Youths aged 13 to 17 are served at NWYS’s Positive Adolescent Development (PAD) shelter. While NWYS funding comes from a combination of county, state and federal funding, McGill said they are pushing the Whatcom County Council to consider future funding increases.
“We need investments to really meet the needs of the young people that we serve, so we can prevent them from entering into that ‘chronic homelessness’ category,” he said. “And we can do that. There’s a lot of young people that come with mental health barriers.”
McGill sees that level of investment happening eventually, but not soon.
“I’m not confident that it’s going to happen within the next five years,” he said. “But I am confident that, eventually, we will get there as a society in fully understanding that this isn’t going to go away. We can’t just keep allocating funding that is just putting band-aids on stuff. If we’re going to actually change this, then we have to invest as a community in these services.”
A bed desert
By far, the most critical shortage in current adolescent mental health care is for in-patient services. In much of Western Washington, those services are virtually nonexistent.
There are no in-patient beds for non-life-threatening, underage mental health patients in Whatcom, Skagit or San Juan counties, Dunne noted. The nearest are in a behavioral health clinic in Snohomish County’s Smokey Point.
The next nearest in-patient program for youth mental health is Seattle Children’s Hospital, with a psychiatric facility that boasts quality care but just 42 beds. It’s now common, Dunne said, for providers to tell parents to take their children to the hospital’s emergency room and wait as long as it takes for a bed to open up, as children in the ER are prioritized for bed space.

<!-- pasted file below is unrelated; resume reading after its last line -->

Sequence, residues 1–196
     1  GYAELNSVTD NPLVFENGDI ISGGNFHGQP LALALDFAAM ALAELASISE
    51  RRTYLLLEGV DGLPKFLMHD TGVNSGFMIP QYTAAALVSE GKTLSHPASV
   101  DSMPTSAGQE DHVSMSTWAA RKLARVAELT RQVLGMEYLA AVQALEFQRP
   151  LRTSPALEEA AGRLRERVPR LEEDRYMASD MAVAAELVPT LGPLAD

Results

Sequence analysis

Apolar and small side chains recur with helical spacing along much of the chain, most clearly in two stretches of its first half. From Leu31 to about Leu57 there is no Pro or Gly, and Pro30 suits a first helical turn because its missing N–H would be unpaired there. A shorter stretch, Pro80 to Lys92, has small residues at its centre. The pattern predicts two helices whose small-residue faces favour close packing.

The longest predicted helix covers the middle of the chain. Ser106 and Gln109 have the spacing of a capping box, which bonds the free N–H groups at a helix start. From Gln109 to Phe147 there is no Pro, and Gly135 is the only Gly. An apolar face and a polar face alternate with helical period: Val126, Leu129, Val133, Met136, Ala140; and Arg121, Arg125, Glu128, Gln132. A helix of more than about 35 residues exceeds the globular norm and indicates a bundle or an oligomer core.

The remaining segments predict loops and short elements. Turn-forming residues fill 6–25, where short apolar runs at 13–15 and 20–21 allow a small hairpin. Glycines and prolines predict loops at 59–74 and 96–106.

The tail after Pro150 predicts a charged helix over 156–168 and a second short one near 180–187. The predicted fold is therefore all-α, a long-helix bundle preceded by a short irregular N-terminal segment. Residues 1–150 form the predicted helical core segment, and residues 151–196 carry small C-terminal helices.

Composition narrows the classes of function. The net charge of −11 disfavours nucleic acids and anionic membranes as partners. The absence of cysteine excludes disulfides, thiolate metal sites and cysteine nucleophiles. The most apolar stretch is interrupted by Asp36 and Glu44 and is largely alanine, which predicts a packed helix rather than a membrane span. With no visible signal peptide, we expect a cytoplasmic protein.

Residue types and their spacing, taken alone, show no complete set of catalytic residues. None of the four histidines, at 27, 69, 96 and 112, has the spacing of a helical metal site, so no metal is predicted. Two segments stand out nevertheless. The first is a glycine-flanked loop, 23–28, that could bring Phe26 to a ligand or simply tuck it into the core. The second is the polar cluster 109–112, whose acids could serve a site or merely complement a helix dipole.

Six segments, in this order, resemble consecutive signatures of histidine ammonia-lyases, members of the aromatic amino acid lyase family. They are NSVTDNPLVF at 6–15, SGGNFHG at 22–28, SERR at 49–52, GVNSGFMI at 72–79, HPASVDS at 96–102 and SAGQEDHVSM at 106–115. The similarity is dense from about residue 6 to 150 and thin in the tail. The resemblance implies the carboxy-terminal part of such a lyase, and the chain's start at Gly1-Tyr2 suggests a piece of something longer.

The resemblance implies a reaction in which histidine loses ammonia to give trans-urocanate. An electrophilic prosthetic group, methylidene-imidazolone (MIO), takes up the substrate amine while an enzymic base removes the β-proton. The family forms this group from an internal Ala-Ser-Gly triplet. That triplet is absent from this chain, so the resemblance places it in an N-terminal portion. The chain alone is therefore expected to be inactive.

“You don’t just call up somebody and say, ‘hey, I’d like you to admit this kid’,” he said. “It just doesn’t work that way.”
Of course, the main objective of child psychiatrists and counselors is to provide early or preventative treatment, avoiding the need for crisis services in the first place.
In Seattle, several schools have opened in-school health clinics through provider partnerships, providing mental health services among other routine care. A Peace Health clinic at Sedro-Woolley High School uses this model.
“The idea is to work with people long before they ever get into crisis,” Dunne said. “You want to take the appendix out before it bursts, not afterwards.”
“This is a long-term problem,” Dunne said. “There are no short-term solutions. It’s going to take years to dig out of and it’s going to take money, unfortunately, which the state and private insurers may not be willing to come up with.”
— Reported by Matt Benoit